In this week’s Design Lobster we’re thinking about how to surprise people in the right way with our designs. Plus some strangely sheepish 70s French furniture… 🐑
…and in the spirit of surprise, this week I’m trialling a new AI-powered segment, Design Remixes 🤔
I’ve plucked two designs from the Design Lobster archives and combined them to make something new yet oddly familiar. Scroll to the bottom of the email to see this week’s creation 👀
Question: How surprising should a new design be?
In design, getting the balance right between familiarity and surprise is a delicate art. Using established and familiar patterns is essential to help people understand what something is and how to use it, but at the same time, as a species, we constantly seek out new things and if your product is too familiar it is unlikely to stand out.
So things always need to feel fresh, but not too much so. New and unfamiliar things are exciting but also cognitively draining, and if you deviate too far with your design and you might find people just give up on you.
In his 2016 book Hitmakers, Derek Thompson describes an experience he calls the Aesthetic Aha! Moment where somebody confronted by something unexpected suddenly sees how it is connected to something familiar. It’s a pleasant sensation of going from confusion to clarity. Think of the moment at the start of the film Inception where you suddenly realise you’re in a dream sequence, or the first time you used Slide to Unlock on an iPhone.
The best art, music and design choreograph this journey from confusion to familiarity again, leaving the viewer, listener or user feeling excited but still comfortable. It sounds simple in theory, but requires skill, imagination and a little bit of luck to achieve in practice.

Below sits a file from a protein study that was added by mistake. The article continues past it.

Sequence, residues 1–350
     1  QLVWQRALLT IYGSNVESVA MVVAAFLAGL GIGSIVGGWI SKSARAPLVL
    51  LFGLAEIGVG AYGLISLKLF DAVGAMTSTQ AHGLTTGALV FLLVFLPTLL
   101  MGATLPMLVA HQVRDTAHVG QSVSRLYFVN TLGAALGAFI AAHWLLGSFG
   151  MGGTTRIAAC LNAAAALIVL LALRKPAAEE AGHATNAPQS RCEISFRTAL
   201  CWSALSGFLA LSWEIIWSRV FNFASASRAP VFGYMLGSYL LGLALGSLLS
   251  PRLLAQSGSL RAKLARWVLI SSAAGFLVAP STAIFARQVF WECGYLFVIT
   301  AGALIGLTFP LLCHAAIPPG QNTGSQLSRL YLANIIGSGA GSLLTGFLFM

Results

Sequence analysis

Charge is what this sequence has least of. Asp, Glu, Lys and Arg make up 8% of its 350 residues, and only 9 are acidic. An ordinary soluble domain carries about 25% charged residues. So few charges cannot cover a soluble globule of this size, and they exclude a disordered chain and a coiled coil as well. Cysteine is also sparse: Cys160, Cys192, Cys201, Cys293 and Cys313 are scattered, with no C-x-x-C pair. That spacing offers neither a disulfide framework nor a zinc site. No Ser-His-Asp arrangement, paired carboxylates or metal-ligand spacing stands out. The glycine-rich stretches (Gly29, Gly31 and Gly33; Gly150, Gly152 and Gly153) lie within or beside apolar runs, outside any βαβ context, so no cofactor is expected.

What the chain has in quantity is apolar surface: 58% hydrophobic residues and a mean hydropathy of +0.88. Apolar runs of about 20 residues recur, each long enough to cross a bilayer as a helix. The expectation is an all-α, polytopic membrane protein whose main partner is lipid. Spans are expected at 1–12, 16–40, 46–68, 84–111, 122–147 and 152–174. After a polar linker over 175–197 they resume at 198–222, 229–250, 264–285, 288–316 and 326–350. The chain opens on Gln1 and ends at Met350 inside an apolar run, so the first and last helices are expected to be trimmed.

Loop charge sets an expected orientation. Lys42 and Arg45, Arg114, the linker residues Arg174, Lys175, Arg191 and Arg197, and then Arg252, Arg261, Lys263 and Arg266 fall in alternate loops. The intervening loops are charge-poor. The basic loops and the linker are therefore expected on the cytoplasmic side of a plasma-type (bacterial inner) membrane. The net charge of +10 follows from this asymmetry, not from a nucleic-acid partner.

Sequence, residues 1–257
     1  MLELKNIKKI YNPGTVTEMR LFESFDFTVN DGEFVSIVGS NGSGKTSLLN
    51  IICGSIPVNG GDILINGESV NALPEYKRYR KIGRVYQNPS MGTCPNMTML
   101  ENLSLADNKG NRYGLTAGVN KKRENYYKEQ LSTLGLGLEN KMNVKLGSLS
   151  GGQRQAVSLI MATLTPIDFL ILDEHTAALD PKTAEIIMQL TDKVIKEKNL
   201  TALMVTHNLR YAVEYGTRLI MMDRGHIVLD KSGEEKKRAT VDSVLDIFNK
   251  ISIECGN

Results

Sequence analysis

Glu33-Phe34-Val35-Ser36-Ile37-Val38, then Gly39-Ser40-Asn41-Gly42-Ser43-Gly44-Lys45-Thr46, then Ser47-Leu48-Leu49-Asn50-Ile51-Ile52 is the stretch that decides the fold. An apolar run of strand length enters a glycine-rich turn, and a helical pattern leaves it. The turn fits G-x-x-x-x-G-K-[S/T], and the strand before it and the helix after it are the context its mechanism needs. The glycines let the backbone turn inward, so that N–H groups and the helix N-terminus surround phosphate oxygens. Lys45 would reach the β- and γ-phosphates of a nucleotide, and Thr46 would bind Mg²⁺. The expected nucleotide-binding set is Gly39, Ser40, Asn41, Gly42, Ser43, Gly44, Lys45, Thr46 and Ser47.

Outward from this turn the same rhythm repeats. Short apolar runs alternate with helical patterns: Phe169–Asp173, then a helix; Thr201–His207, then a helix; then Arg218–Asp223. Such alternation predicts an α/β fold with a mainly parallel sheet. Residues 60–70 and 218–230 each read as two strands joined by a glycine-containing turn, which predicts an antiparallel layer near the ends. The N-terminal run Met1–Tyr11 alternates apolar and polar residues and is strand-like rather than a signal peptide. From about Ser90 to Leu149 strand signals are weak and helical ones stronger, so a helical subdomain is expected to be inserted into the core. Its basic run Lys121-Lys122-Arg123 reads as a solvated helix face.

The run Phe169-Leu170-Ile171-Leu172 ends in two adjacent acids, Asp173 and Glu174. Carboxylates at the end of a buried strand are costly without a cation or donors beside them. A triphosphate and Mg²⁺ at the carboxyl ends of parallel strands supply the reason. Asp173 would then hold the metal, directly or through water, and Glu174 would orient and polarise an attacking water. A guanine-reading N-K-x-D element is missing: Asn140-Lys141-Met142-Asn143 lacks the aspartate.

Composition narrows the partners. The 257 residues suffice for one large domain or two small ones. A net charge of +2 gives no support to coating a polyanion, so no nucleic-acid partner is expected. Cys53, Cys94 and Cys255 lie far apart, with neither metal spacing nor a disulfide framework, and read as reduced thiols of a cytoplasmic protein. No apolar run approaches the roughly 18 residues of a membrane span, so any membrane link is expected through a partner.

Design takeaway: Are you combining surprising and familiar elements in the right way in your design?
3️⃣ The late Virgil Abloh used a similar theory called the 3% rule to decide how surprising new creative work should be
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Object: Moutons de Laine (Woolly Sheep)
Sculptor François-Xavier Lalanne shocked attendees at the 1965 Salon de la Jeune Peinture in Paris with his Moutons de Laine – a collection of realistic depictions of sheep made of cast bronze and genuine sheepskin. The Moutons come in two types, one with a bronze face and another without. When gathered together, the impression is of a realistic flock, with the headless ones seeming to be grazing on the carpet of the room they’re in.
I thought that it would be funny to invade that big living room with a flock of sheep. It is, after all, easier to have a sculpture in an apartment than to have a real sheep. And, it’s even better if you can sit on them.
With the design, Francois and his wife Claude brought a surreal rural element to elegant urban salons, whilst also poking fun at the ‘herd mentality’ of the establishment. The sheep found their way into the collections of Yves Saint-Laurent, Karl Lagerfeld and other celebrities and were spotted regularly in magazine pages. To my eye, they don’t look especially natural to sit in (or on), but for pure surprise they get top marks.
Design takeaway: Where could you introduce a little whimsy to your design?
🦒 Design Lobster #46 featured even more animal-inspired design, including a charming wooden jigsaw by Enzo Mari
Quote: “To sell something familiar, make it surprising. To sell something surprising, make it familiar.”
– Raymond Loewy, industrial designer
Raymond Loewy’s MAYA principle (Most Advanced Yet Acceptable) articulated his view of how to strike a balance between novelty and familiarity when designing products. We last heard from him in Design Lobster #104, which featured an unexpectedly aerodynamic pencil sharpener.
Hope you get some good surprises this week,
And lastly, a design remix…
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The sheep were especially surprising.